KingfisherJoe Parham with permission for Varsity

From supervisions on the Byzantine Empire to lectures on the discovery of cell cycle regulation, Cambridge offers an opportunity to indulge in rich intellectual stimulation. However, outside the confines of our colleges and lecture theatres (or in my case, the laboratory) lies one of the best places in the UK to explore birdlife – Cambridgeshire.

Situated in the south-east of England, surrounded by the Fens, with the Norfolk coast to the east and plenty of local nature reserves, Cambridge offers an escape from the pressures of academic life through explorations into the natural world.

Birds are pretty amazing. Almost all species found in the UK are at least somewhat migratory. Classic examples such as swallows and swifts will be synonymous with the term “migration” to many, but even some of our most familiar species migrate to and from the UK in huge numbers.

“Cambridge offers an escape from the pressures of academic life through explorations into the natural world”

Autumn and winter are two of the best seasons for birdwatching in the city, as many species that have migrated here for the colder months stop off in green areas to feed and recover from long voyages. Robins, blackbirds and goldcrests flood into the UK in autumn, along with classic winter migrants like redwings, fieldfares and bramblings – all of these species can be seen just a short walk from the city centre. An evening walk in November or early December is sure to produce the “tseep” calls of migrating redwings, flying overhead in the darkness.

RedwingJoe Parham with permission for Varsity

A break between lectures is a prime occasion to spend some time in nature. If you need a brief escape, woodlands such as Paradise LNR and Grantchester Meadows can provide ample opportunity to see some vibrant species. Kingfishers are common, often seen fishing (as one might expect!) along the river, while bullfinches dot the bushes with colour. The more trained ear can even pick out the calls of the migrant lesser redpoll and siskin as they move between the alders – even an amateur knowledge of these bird calls can heighten your birdwatching experience!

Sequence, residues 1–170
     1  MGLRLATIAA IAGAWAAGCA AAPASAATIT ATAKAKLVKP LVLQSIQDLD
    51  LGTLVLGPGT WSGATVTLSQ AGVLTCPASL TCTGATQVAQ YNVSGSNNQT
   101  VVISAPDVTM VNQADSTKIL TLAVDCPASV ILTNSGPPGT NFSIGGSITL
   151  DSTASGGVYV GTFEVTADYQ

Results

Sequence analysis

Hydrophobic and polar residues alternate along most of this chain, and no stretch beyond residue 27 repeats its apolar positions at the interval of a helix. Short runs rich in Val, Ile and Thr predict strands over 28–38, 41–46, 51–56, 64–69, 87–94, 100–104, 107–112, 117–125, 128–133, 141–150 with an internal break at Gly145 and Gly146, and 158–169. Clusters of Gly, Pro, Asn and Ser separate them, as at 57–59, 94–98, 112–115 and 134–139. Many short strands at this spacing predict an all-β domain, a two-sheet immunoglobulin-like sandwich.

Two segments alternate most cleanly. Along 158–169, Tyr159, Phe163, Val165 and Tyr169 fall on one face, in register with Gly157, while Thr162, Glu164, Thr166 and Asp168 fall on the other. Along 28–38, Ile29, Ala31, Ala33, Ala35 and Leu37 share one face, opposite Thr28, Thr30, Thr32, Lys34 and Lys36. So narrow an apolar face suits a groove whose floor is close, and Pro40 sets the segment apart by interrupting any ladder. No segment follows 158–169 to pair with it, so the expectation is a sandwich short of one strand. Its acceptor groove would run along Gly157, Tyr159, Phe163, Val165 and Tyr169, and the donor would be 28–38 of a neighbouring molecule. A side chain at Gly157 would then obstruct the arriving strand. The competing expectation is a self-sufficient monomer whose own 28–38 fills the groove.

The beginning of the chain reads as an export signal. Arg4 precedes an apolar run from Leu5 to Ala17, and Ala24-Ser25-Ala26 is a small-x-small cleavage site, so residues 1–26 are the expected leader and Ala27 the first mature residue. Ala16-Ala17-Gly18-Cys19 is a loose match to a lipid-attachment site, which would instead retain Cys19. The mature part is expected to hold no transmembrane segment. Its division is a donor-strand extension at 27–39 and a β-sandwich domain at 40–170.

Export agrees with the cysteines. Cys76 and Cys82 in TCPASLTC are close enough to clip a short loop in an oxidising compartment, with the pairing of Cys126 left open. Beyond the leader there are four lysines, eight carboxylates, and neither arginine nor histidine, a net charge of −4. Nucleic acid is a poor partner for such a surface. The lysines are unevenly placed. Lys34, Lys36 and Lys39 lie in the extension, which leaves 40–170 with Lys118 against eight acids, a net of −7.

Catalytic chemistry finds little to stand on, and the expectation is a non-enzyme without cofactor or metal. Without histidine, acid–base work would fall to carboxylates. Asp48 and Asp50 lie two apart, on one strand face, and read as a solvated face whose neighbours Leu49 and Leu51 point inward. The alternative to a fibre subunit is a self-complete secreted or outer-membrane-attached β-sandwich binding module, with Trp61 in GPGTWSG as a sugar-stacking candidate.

If you have more time on your hands, there are plenty of sites further afield which harbour more significant numbers of a diverse range of species. Returning wildfowl come back in autumn, so a visit to any large body of water will produce flocks of recently arrived ducks that have come here to spend the winter. The RSPB Fen Drayton Lakes (a 30-minute bus ride from central Cambridge) harbour important wintering populations of pochard, gadwall, and goldeneye, in addition to scarce breeding birds such as bitterns, cattle egrets and bearded tits.


Mountain View

Introduction to Birdwatching

A high point, such as Castle Mound, can be a great place to enjoy visible migration, or “vis-mig”. If conditions are favourable, a morning spent on a hill can produce hundreds to thousands of migrating birds dancing over your head. Species such as the skylark, meadow pipit, and an array of finches can make for a very enjoyable morning.

Winter is also a great time to uncover rare or scarce birds – some migrate here in small numbers while some are distant treasures, blown off course by strong winds or having migrated the wrong way. I recently stumbled upon a yellow-browed warbler, a small but beautiful migrant from Siberia, calling in the trees at Coe Fen.

Great white egretJoe Parham with permission for Varsity

Birdwatching is not only about the excitement of seeing a beautiful or rare species: the mental health benefits of birding have been well documented in recent years. Studies have shown that seeing and hearing birds can have a significant impact on boosting mental wellness, so much so that doctors in Shetland have been known to prescribe birdwatching to patients to help alleviate symptoms of poor mental health.

“Doctors in Shetland have been known to prescribe birdwatching”

I’ve always found a walk in nature to be especially calming – sampling the delicate winter colours and invigorating fresh air may just be the perfect way to escape the rigours of Cambridge academic life. If you find yourself with spare time over the next few weeks, I would highly encourage you to head out and see what you can find, you may well be surprised by what beauty lies beyond your doorstep.